In relation to many other parts of Northern Europe – which had seen an upsurge in radical left-libertarian activism, squatting of houses and urban unrest at the turn of the 1980s – similar repertoires of action and movements remained a quite marginal phenomenon in Sweden. It was not until the late 1980s a new generation of younger activists, with their roots in the anarchist milieu, formed the basis for a radical squatters and autonomist movement, similar to the movements that had developed throughout Europe almost a decade earlier.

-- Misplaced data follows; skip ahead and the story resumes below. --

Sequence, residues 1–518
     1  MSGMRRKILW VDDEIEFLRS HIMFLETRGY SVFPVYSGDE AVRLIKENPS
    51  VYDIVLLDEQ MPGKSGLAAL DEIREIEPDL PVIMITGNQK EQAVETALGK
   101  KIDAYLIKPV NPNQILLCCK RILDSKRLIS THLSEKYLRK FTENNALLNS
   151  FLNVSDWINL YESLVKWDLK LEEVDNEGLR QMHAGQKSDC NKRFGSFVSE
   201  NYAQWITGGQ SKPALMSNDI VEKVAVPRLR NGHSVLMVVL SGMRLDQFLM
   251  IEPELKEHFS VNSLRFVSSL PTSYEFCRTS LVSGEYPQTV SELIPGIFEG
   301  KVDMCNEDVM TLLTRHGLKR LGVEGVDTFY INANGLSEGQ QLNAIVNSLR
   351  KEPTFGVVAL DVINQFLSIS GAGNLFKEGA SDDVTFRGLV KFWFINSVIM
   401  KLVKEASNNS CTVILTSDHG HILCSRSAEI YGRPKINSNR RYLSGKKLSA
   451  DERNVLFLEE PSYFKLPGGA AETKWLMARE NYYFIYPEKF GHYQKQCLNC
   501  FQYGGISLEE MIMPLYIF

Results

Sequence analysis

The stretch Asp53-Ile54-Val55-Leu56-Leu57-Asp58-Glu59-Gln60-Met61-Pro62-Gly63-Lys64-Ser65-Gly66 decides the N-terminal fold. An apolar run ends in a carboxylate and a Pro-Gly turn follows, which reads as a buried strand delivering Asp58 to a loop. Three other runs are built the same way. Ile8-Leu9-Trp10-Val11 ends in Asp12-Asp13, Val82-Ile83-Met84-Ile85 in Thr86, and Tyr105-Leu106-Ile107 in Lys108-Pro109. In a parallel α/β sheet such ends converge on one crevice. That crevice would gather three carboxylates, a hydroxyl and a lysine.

Starting out from social movement theory five tentative explanations are elaborated in order to explain to why the forms of activism developed as late as they did, answering the question of why it didn’t happen here. The chapter is based on an in-depth analysis of movement documents and semi-structured interviews with activists.
The chapter discusses how 1) economy, 2) social democratic hegemony, 3) consensus based repertoires of action, 4) legacy of socialist and communist movements, and 5) activist frames all play important roles in explaining the development and transformations of the anarchist movement in the 1980s and early 1990s.
Basingstoke: Palgrave Macmillan, 2015. 97-112 p.